On the shores of the Rivers of America in Disneyland USA is one of the park's most interesting, unsung attractions. Virtually every Disney fan who knows of the existence of the Petrified Tree knows the story of how it arrived in the Happiest Place on Earth: how Walt bought it for Lillian as a birthday present because it was filled with opal and how she donated it to the park. What is the story of this natural marvel before it got to Disneyland? How did it form and what do we know of the environment when it lived millions of years ago?
According to the plaque describing it:
THIS SECTION WEIGHS FIVE TONS AND MEASURES 7 1/2 FEET IN DIAMETER. THE ORIGINAL TREE, ESTIMATED TO HAVE BEEN 200 FEET TALL, WAS PART OF A SUB-TROPICAL FOREST 55 TO 70 MILLION YEARS AGO IN WHAT IS NOW COLORADO. SCIENTISTS BELIEVE IT TO BE OF THE REDWOOD OF SEQUOIA SPECIES. DURING SOME PREHISTORIC ERA A CATACLYSMIC UPHEAVAL CAUSED SILICA LADEN WATER TO OVERSPREAD THE LIVING FOREST. WOOD CELLS WERE CHANGED DURING THE COURSE OF TIME TO SANDSTONE. OPALS WERE FORMED WITHIN THE TREE TRUNK ITSELF.The tree originated from the Florissant Fossil Beds (called the Pike Petrified Forest at the time), which became a National Monument in 1969. When Walt bought the stump in 1956, the beds were privately owned and in reckless danger of being completely exploited by prospectors. A long legal battle ensued, the National Monument established, and today some 30 petrified stumps are protected for the enjoyment of over 60,000 visitors a year.
A witty photo of a petrified stump, Florissant Fossil Beds.
Photo: Jeff Kramer.
The age given by the plaque at Disneyland is off by a few million years. Radiometric dating of argon has placed the site at the late Eocene epoch, approximately 34 million years ago. During the Eocene, the Earth was warmer than it is now, but North America was assuming its modern shape. Through the Cretaceous period, 70 million years ago, an inland sea stretched across North America from the Arctic Circle down to the Gulf of Mexico. This was known as the Western Interior Seaway, and was home to such creatures as Mosasaurs (imagine a Komodo Dragon with flippers) and Ammonites (an extinct relative of the Chambered Nautilus). The shoreline was a warm, wet tropical swampland similar to the shores of Louisiana and the Carolinas, but suffering from the sort of storms and flooding we see today in places like Bangladesh. These torrential storms caused the immense dinosaur bone beds that are found in places like Dinosaur Provincial Park in Alberta, Canada. Towards the end of the Cretaceous, tectonic movement was bringing the North America Plate into collision with the Pacific Plate, raising the mountain ranges of the Cordillera. This tremendous force pushed the entire continent up, draining the Western Interior Seaway. By the Eocene, all that remained of this once vast inland sea was the Gulf of Mexico.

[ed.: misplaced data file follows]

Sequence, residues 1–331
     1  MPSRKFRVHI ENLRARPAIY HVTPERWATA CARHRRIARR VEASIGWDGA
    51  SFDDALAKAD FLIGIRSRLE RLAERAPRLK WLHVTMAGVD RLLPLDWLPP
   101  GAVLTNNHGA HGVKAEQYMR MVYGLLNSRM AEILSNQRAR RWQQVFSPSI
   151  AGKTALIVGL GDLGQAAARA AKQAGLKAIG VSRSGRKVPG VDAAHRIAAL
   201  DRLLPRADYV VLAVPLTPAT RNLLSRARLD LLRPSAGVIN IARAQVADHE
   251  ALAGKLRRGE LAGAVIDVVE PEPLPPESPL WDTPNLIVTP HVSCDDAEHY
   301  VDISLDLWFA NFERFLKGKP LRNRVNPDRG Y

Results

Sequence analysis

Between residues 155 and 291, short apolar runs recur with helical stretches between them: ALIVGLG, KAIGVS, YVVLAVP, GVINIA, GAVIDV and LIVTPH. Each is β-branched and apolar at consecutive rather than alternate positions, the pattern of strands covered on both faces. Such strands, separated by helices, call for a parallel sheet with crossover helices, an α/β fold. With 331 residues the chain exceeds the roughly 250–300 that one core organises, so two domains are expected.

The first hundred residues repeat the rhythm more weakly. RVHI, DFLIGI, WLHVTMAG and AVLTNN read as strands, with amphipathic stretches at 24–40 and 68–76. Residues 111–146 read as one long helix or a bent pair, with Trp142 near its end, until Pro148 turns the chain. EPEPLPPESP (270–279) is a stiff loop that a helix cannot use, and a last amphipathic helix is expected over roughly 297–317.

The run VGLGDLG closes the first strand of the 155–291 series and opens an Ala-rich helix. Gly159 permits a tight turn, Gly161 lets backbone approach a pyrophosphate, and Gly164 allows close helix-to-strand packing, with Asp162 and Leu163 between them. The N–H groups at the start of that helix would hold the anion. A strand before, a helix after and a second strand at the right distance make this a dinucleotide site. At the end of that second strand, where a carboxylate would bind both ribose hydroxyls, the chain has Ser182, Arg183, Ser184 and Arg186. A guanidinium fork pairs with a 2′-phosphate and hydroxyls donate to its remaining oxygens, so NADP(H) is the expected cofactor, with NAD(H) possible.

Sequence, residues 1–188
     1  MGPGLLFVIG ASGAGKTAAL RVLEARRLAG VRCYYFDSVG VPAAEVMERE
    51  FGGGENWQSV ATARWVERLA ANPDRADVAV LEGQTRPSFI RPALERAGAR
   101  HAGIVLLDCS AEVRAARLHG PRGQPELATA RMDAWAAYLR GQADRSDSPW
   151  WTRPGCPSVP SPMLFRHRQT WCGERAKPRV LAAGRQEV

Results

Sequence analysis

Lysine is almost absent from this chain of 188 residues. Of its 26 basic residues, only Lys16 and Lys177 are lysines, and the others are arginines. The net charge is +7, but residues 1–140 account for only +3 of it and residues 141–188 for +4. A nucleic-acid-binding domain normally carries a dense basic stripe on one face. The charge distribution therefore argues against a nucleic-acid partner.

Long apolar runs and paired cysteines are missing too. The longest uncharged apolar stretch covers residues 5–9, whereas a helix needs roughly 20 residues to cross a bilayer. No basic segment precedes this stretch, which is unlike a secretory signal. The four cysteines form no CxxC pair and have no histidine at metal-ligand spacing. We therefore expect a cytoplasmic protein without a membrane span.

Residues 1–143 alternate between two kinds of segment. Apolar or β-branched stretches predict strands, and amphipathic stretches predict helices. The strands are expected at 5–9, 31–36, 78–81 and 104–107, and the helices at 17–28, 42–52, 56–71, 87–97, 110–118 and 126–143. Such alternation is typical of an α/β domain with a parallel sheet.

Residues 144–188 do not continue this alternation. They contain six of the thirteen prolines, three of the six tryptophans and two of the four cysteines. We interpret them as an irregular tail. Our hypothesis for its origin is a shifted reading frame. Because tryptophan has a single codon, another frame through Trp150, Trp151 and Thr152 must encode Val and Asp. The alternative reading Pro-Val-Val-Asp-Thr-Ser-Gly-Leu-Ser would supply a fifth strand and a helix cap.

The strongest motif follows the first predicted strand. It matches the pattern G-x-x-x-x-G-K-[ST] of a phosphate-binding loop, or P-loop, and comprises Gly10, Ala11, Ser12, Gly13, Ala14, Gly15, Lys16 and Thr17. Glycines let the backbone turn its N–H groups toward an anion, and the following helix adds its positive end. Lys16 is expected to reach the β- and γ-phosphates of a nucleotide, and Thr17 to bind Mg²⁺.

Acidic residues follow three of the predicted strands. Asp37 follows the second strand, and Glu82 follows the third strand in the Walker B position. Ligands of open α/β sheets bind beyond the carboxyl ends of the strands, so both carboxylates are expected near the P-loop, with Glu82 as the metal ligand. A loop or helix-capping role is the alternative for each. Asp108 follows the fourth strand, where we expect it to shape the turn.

North America, 70 million years ago.
North America, 65 million years ago.
North America, 40 million years ago.
Paleomaps by Dr. Ron Blakey.
Warmer, wetter climate and nutrient rich sediments eroding from the rising mountains to the west created a fertile environment for the growth of redwood forests in Colorado. The Florissant site shows an ancient lake surrounded by great trees in excess of 200 feet in height. It was an idyllic environment comparable to the Pacific Northwest or Sierra Mountains today, buzzing with bees, dragonflies, butterflies and cicadas. On the ground were spiders, millipedes, snails, shorebirds, opossum, and the odd dog-sized, three-toed ancestor of the modern horse. The lake was stocked with clams, perch, bowfin and catfish. Overall, it would have been very comfortable and familiar for the time travelling tourist from today.
Modern redwood forest. Photo: NPS.
Like the Pacific Northwest, there was a dark shadow looming over such natural beauty: a volcanic field 12-18 miles southwest of the lake. The Thirtynine Mile Volcanic Field formed by the same tectonic forces that were creating the Cordillera and the Columbia Plateau, spewing lava, ash and mudflows across the region. The main volcano, called the Guffey Volcanic Center, was comparable to Mount St. Helens. Like the famous mountain, this volcano's explosion rained ash on the forest and lakes, creating algal blooms that choked out insect and fish life. Ironically, the low-oxygen environment and protective layer of algae in turn preserved these specimens as fossils. The forest had a different fate.
Mount St. Helens unleashing its pyroclastic fury. Photo: USGS.
Mudflows from the volcano were rich in minerals, particularly silica. As they ripped through the forest, silica-rich water permeated the bases of the giant redwoods. This killed the trees by preventing the roots from receiving nutrients and carbon dioxide. By counting tree rings in specimens like the one at Disneyland, it is estimated that many of these trees were between 500 and 700 years old when they were killed. However, the minerals infused the stumps, permineralizing them by replacing organic matter cell-by-cell with silica. They were petrified and remained as they stood for the next 34 million years. The volcano eroded away to nothing, the lake disappeared, and the environment became colder and drier over time, but the petrified trees remained.
Since the late 19th century, visitors have come to the see and study their remains. The first formal geological surveys of the site took place in the 1860's and 1870's. Eventually one lucky tree was purchased by Walt Disney and moved to a place of honour in Disneyland. So the next time you are rushing from Pirates of the Caribbean to Big Thunder Mountain, pause for a moment before this relic of a bygone age and contemplate the dramatic story this one fossil tells us about the history of North America.